What is a string? About six months ago at the Game Developers Conference in San Jose, I sat in on a talk about performance tuning in Xbox games. The presenter had a slide that read: "Programmers love strings. Love hurts." This was shown while he described a game which was using a string identifier for every object in the game world and hashing on them, and was incurring a huge performance hit from thousands of strcmp()s each frame. I nodded -- but my mind was thinking, "The same would be true if they had used GUIDs, or any other large identifier. After all, strcmp is just a bounded memcmp." So, what actually IS a string? I think it's safe to say that a string is something that a human interprets and derives meaning from. In this case, that something is almost always an ordered sequence of symbols (note: the symbols may not be co-linear!) that conveys meaning. Now, let's assume from here on that a string is an ordered sequence of 2D glyphs. A glyph is three pieces of data: a symbol, the dimensions to render that symbol at, and the location where it should be rendered. This is still describing a very abstract, human-centric thing. To express this in the programming world, we have to identify these glyphs somehow. A vector drawing or bitmap approximation of a glyph would suffice. But we don't want to require that people deal with these just to print "Hello World" to the screen. So, let's put the glyphs somewhere in the system, and assign indices to them. And thus, we have ISO 10646, known as the Universal Character Set or UCS. UCS is a simple mapping of decimal indices (called code points) and formal names, to symbols. For example, in the UCS, code point 0x41 is "Latin capital letter A" and corresponds to, of course, the letter A. The goal of UCS is to be a superset of all character sets. So, given a set of characters such as 7-bit ASCII, or ISO 8859-1, or EBCDIC, we can find some mapping (preferably 1:1, but we're not always so lucky) to UCS. So, our definition of glyph now converts to a tuple containing a UCS code point, a size, and a distance from the last render point. We now find ourselves asking a few more questions about glyphs. Size is fairly easy to measure -- just a box that bounds the symbol. However, distance is difficult, because good typesetting requires that the distance between characters be measured from any number of points inside that box. For simple Roman alphabets, we might want to measure from the baseline; accents might have to go relative to baseline + ascent; some characters may have an advance width that is greater than their bounding box; and this doesn't even begin to address script-based languages like Arabic! On top of this, UCS allows two ways to represent accented characters. Most accented characters have a dedicated UCS code point; however, an accented character can also be represented as the code point for the un-accented character, followed by code points for one or more accents as stand-alone symbols. UCS calls symbols which are meant to be applied to the previous character "combining characters," and refers to symbols containing preaccented letters as "precomposed characters." For example, the symbol Ä can be represented by either the precomposed UCS code point 0xC4 ("Latin capital letter A with diaeresis") or by the code point 0x41 ("Latin capital letter A") immediately followed by code point 0x308 ("combining diaeresis"). And don't forget that there needs to be size and direction between the diaeresis and the letter, and that there can be more than one combining character following a single symbol, including some symbols which can vary their positioning depending on their combination with other combiners! The UCS took the easy way (or, as some would argue, the sanest way) out of dealing with all the positioning problems of glyphs -- it simply refused to acknowledge their existence. The UCS is simply a symbol table that includes combining characters, nothing more. The UCS also doesn't deal with any of the properties that we assign to specific symbols; for example, it doesn't recognize case. It cannot say that Ä and A are upper-case and a is lower-case, or that Ä and A have the same root letter and differ only by accent, or that a is the same root letter as those two -- they're simply different symbols with no relation. As a result, the UCS isn't very well known, despite the fact that it has existed for over a decade. This is where Unicode comes in. Unicode originally started out in the late 1980s as an ad-hoc standard agreed on by a group of companies making multi-lingual software products. Initially, Unicode was developed separately from UCS; however, starting in 1991 Unicode merged its code table with UCS, and all versions of Unicode from 1.1 (June 1992) forward match the UCS. Unicode does not define glyph data, or the vectors that are used to render a symbol. However, it does provide lots of normative semantic information that UCS code points lack. For example, a Unicode code point not only contains the UCS symbol, but also data such as the symbol's case (upper/lower/title), category (letter, mark/accent, digit, punctuation, separator, etc.), and numeric interpretations of digit symbols (i.e. the symbol 4 represents four things). Alongside this, we have the Unicode Technical Standards, which define culturally appropriate comparison, sorting, and searching algorithms, character boundaries in script languages, how to handle newlines (CR/LF/CRLF/NEL), and other such handy information. Let us assume, for now, that given an ordered sequence of Unicode code points, the OS can convert them to glyphs and render them in a way that's appropriate. Of course, this is a huge and almost entirely false assumption -- and I'll be coming back to it later. But it's also a very convenient assumption, because it allows us to reduce the definition of a string down to something that's easy to tackle: a finite ordered sequence of Unicode code points. Of course, in order to store a decimal on a computer, it has to be converted to binary. However, not all binary representations are the same, and not everyone thinks it's worth using 31 bits of information for every character. Tomorrow's episode: encoding systems, and the major character sets that love them.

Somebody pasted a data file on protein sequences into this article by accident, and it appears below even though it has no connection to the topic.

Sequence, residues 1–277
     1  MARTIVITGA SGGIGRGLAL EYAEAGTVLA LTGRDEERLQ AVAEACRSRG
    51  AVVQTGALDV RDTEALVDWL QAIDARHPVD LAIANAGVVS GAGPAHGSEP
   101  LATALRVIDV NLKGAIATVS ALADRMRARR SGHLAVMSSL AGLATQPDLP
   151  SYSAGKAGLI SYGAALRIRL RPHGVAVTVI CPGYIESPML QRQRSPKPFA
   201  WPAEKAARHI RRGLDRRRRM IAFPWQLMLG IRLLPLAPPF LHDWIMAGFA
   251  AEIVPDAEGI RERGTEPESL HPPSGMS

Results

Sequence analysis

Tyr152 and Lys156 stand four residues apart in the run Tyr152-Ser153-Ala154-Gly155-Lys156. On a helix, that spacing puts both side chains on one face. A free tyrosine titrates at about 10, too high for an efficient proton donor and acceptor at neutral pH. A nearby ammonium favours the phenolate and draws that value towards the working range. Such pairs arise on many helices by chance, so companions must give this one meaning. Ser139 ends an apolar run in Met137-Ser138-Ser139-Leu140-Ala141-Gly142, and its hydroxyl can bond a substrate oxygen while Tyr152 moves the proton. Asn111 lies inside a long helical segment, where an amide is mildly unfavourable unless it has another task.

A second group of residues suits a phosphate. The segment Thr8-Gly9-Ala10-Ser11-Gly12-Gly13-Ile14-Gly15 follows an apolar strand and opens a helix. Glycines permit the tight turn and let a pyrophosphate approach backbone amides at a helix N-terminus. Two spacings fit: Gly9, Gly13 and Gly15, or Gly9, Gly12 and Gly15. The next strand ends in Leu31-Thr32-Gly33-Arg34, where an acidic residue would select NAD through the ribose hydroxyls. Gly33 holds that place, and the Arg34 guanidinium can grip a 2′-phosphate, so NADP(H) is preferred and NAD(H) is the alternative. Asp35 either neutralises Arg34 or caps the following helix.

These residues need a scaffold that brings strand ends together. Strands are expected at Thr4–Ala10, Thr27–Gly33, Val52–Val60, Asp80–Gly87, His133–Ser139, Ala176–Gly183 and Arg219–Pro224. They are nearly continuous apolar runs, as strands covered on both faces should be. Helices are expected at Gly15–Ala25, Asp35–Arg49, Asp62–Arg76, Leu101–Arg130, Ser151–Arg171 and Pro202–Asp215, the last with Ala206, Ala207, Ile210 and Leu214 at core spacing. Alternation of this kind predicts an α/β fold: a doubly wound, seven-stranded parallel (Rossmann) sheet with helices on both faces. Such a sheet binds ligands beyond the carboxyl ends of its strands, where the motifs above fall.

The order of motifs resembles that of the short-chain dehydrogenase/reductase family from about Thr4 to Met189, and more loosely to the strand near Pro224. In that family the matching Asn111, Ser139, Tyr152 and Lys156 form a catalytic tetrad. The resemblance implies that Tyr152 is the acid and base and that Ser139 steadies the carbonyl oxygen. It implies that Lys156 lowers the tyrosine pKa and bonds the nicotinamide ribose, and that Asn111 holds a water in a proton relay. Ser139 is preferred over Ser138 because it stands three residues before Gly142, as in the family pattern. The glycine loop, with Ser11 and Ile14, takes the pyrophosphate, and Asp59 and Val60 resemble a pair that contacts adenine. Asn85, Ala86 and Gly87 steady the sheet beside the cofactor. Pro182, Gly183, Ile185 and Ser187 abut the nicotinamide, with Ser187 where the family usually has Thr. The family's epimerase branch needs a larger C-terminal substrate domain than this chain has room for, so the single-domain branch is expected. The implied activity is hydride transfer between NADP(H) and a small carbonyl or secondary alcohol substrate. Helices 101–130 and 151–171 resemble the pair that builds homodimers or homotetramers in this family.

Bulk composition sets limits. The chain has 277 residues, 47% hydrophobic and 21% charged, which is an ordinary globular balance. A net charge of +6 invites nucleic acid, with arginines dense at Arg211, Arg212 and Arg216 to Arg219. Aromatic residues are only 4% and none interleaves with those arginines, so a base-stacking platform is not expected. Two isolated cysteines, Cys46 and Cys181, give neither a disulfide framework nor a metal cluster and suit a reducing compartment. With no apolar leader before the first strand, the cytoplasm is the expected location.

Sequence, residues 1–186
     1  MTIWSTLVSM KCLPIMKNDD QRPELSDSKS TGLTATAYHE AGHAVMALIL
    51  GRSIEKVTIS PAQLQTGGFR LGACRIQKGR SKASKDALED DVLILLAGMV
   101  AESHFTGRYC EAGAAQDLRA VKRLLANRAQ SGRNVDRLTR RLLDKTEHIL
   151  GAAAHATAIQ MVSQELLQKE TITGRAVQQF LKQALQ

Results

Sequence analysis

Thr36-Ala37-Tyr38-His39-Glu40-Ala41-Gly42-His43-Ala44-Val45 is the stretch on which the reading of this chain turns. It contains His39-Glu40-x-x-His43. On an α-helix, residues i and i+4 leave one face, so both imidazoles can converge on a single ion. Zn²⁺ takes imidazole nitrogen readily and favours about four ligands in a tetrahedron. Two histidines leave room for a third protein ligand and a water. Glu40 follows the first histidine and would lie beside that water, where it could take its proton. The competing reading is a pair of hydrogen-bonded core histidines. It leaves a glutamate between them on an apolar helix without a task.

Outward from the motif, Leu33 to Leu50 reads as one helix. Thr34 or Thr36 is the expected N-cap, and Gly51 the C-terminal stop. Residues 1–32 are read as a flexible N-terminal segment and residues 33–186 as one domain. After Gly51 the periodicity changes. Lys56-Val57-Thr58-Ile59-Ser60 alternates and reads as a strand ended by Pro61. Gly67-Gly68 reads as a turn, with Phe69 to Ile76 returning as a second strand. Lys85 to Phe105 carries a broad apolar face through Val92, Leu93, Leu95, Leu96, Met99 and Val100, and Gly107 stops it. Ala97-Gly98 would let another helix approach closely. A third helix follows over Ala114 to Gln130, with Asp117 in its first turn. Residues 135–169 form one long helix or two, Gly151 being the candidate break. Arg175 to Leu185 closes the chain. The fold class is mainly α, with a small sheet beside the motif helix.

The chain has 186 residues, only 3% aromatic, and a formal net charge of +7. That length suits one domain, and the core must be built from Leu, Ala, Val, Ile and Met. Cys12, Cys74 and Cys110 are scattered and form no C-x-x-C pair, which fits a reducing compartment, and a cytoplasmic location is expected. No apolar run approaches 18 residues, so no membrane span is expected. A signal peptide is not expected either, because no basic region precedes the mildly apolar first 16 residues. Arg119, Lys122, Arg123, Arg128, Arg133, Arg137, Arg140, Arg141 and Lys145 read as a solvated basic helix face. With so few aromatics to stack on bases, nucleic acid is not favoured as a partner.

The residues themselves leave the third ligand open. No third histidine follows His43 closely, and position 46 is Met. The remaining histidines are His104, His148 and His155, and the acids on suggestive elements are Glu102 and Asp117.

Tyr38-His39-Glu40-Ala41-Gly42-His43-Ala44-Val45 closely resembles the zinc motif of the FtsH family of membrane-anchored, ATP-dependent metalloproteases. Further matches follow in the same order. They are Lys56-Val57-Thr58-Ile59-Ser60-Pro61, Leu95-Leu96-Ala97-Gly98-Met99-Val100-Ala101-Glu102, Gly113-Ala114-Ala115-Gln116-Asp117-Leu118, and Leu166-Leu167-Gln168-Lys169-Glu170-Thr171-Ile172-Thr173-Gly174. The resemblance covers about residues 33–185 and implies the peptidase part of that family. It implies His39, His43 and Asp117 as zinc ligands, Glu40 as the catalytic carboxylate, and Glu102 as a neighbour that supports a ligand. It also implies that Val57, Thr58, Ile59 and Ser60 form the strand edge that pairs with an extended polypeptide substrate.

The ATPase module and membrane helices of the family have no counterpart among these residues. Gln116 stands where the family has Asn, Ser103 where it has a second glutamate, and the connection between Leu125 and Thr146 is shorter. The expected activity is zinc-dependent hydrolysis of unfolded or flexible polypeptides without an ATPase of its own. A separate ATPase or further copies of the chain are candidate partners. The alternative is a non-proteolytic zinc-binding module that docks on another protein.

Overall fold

Oh, and since this is the first post here that's visible to the public -- I'm Ryan Myers, a geek-of-all-trades currently on the Windows Client Performance team. I intend to use this blog as an ongoing set of essays about various facets of programming I've encountered. (I use essays as the textual equivalent of sitting in front of a whiteboard reasoning things out, rather than a polished report of what I wish I had done the first time. So, conclusions may change from post to post, and I welcome all comments and counterpoints.) So, pardon the mess and enjoy the show.